Scared that grey hair wouldn’t cut it in a youth-obsessed world, journalist AMY OLIVER started dyeing in her 20s. But she’s felt liberated since she embraced her natural colour (and reveals why her husband is thrilled, too)
PHOTOGRAPHS VICTORIA ADAMSON
It has been a tough journey, but I’m pleased to announce that I’ve finally stopped hitting the bottle. My not-so-secret habit was costing thousands of pounds, hundreds of wasted hours and nearly resulted in divorce when my husband felt he could take no more. But today, at the grand old age of 38, there is something I can say with absolute certainty: ditching my trusty brown hair dye and letting my natural greys grow out is the best decision I’ve ever made.
As a child, my hair, like my mother’s and paternal grandmother’s, was almost black. My battle to cover my greys began 13 years ago when, at 25, silver strands seemed to appear overnight and shone from my scalp like a warning to shipping. I ignored the old wives’ tale that plucking them out would increase their number threefold and, lo, they sprouted at a fierce rate.
At first I embraced it, ignoring the stares and shock. (The moment a new colleague on the newspaper where I used to work exclaimed: ‘Oh my God! You’ve got grey roots! Just how old are you?’ has stayed with me.) My fate was sealed when another former colleague advised me to dye it. It was, they said, the only way to be taken seriously in a youth-obsessed industry. To my – and my purse’s – eternal regret, I did what they suggested.
Suddenly, my hair was important, when, in truth, it had never meant a great deal to me. For most of my childhood, it was long with a slight wave and required no maintenance. During a rebellious phase at secondary school it was pillar-box red before I decided to shave it all off (well, it was the 1990s).
In my 20s, I spent hours straightening it, but that was the extent of my grooming. I balked at paying more than £3 for shampoo and thought mousse was something you had for pudding. So imagine my surprise when a single colour tint cost close to £100 and three hours of my time at a rather ordinary salon chain in London. After the deed was done, I stared at myself in the mirror and realised I’d actually paid someone to dye my hair the same colour as my mother’s mahogany sideboard. It was cheap, tacky and glowed red under certain lights; I looked like a Poundshop Duchess of Cambridge.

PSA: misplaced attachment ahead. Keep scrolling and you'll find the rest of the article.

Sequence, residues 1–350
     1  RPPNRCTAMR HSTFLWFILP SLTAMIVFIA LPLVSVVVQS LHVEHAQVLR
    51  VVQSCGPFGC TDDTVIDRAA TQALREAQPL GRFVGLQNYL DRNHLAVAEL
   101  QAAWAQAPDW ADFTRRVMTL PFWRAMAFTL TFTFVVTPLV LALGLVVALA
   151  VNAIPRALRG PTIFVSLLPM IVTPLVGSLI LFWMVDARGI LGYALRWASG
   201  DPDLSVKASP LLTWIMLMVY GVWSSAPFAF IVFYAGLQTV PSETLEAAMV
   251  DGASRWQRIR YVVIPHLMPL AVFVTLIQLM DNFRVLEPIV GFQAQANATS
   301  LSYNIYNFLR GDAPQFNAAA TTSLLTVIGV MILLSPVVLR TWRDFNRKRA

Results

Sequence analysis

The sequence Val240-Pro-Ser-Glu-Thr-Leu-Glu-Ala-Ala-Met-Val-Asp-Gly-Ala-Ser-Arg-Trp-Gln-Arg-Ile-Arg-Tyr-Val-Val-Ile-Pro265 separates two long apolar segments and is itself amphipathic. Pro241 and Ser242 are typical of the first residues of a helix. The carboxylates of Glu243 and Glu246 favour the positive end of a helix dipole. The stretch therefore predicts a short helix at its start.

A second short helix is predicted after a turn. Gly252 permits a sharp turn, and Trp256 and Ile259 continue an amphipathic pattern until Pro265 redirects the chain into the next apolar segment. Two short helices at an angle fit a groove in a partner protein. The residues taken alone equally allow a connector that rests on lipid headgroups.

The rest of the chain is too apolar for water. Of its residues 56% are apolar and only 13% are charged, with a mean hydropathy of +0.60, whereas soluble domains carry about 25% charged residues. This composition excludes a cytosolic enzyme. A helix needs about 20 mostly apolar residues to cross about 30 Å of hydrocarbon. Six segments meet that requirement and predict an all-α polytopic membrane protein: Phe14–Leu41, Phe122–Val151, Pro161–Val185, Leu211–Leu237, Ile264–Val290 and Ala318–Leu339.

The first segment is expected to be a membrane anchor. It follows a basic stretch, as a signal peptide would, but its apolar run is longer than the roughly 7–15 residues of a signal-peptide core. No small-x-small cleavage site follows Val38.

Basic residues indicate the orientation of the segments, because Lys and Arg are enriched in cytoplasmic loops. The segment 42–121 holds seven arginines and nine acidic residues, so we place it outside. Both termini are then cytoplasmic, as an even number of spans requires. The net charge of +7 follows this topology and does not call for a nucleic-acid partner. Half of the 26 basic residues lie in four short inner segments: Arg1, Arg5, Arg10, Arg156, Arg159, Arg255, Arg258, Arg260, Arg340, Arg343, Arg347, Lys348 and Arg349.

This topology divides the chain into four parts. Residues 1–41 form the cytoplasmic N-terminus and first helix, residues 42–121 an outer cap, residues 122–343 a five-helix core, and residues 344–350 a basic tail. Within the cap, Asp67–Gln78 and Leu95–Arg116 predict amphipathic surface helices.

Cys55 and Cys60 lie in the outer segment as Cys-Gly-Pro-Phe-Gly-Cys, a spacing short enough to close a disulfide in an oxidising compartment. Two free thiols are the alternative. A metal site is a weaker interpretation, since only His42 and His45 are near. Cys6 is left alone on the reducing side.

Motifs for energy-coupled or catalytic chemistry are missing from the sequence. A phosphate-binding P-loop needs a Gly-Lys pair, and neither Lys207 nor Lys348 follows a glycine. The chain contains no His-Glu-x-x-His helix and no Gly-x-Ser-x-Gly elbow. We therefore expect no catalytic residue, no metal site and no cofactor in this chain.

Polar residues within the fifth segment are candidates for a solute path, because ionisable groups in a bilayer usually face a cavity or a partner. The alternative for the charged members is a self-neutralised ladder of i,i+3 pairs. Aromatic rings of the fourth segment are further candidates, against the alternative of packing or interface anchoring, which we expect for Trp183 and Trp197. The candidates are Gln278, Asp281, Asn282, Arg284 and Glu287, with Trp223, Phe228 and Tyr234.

My grey roots came through after just a week. After three, the stripe down my centre parting was so obvious I could have lived with a family of badgers. I tried to last four to six weeks before my next appointment, wearing my hair up or using hair make-up – a bit like eyeshadow – to cover my roots. Once, I found myself applying it in the bathroom at work with another woman doing the same. She voiced concern about the amount of chemicals we were both using because we were dyeing so much. ‘I’ve read they can cause Alzheimer’s,’ she said.
For some insane reason this did not deter either of us. Maybe because the comments my newly dyed hair got were all positive. ‘It takes ten years off you,’ my mother said, kindly. I wasn’t so sure, but it did mean I faded back into the ‘normal’ and therefore acceptable background.
On one occasion, I was due at a party and couldn’t get a salon appointment in time. In desperation I bought a £6.99 at-home kit and slapped it on. To my eyes the result was the same. Enough was enough, I thought, I’d dye it myself from now on.
Except I couldn’t. I found brushing the dye on to my own roots impossible; I could never reach the back and couldn’t see if I had covered every
Amy hiding her roots in 2014, left, and ditching the dye in 2017